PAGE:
• In accordance with the invention, a movable feature such as a tuning stub is introduced into a photonic crystal that allows for controllable tuning of cavities that are created within the photonic crystal. Cavities to be tuned in accordance with the invention are designed to work in the spectrum from far infrared to hard ultraviolet region. Attaching the feature to an actuator allows the feature to be moved in and out of the photonic crystal for precise tuning. The invention may typically be implemented using either polysilicon or amorphous silicon.[0004]
  • BRIEF DESCRIPTION OF THE DRAWINGS
  • FIG. 1 show a three-dimensional photonic crystal lattice structure in accordance with the invention. [0005]
  • FIG. 2 shows an embodiment in accordance with the invention in a side view with the three-dimensional photonic crystal lattice structure, tuning stub and thermal actuator. [0006]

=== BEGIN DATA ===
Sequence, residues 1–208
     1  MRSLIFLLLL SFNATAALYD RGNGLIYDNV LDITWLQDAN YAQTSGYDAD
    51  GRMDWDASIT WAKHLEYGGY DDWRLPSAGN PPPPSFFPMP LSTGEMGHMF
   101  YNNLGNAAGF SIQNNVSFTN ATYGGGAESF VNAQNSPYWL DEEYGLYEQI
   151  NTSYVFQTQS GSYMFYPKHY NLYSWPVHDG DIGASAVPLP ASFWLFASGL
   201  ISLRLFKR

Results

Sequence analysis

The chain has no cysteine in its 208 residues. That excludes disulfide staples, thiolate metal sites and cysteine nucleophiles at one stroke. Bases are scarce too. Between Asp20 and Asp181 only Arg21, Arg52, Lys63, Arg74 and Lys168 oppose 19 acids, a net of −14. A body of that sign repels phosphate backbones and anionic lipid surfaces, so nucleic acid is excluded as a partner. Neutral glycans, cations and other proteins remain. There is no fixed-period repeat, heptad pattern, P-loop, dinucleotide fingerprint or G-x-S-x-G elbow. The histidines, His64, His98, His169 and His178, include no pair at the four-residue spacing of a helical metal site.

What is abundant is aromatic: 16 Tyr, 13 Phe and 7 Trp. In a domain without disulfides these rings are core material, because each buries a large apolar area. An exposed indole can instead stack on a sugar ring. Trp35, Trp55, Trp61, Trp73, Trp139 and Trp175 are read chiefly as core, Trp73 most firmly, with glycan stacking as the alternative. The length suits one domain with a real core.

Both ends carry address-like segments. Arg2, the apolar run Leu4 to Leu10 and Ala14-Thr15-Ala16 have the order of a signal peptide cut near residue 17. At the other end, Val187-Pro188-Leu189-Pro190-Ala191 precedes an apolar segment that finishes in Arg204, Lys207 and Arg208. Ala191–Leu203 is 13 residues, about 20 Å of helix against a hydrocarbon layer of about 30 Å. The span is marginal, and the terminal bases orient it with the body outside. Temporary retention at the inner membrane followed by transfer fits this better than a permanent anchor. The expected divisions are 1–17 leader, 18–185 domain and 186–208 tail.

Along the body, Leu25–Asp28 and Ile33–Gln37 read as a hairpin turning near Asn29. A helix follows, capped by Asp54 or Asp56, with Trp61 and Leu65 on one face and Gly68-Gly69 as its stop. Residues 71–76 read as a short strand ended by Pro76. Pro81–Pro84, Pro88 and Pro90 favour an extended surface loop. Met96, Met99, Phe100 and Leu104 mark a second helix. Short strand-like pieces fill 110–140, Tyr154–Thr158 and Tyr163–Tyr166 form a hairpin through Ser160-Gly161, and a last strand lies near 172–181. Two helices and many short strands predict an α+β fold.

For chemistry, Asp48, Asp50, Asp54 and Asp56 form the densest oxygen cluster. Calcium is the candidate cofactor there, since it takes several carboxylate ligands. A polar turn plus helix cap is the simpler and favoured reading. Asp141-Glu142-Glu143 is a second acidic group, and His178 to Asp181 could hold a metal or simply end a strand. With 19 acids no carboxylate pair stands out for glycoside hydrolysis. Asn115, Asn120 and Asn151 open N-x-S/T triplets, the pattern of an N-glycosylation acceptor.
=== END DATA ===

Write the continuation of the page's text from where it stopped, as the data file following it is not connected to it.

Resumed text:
• FIG. 3 shows an embodiment in accordance with the invention in a top view with the three-dimensional photonic crystal lattice structure, tuning stub and thermal actuator. [0007]
  • FIG. 4 shows a thermal expansion actuator in accordance with the invention. [0008]
  • FIG. 5 shows an electrostatic actuator in accordance with an embodiment of the invention. [0009]
  • FIG. 6 shows a top or bottom view of a three-dimensional photonic crystal lattice structure with tuning stub and cavity in accordance with an embodiment of the invention. [0010]
  • FIG. 7 shows a top or bottom view of two-dimensional photonic crystal lattice showing tuning stub and cavity in accordance with an embodiment of the invention. [0011]
  • FIG. 8 shows a parallel plate actuator in accordance with an embodiment of the invention[0012]
  • DETAILED DESCRIPTION OF THE INVENTION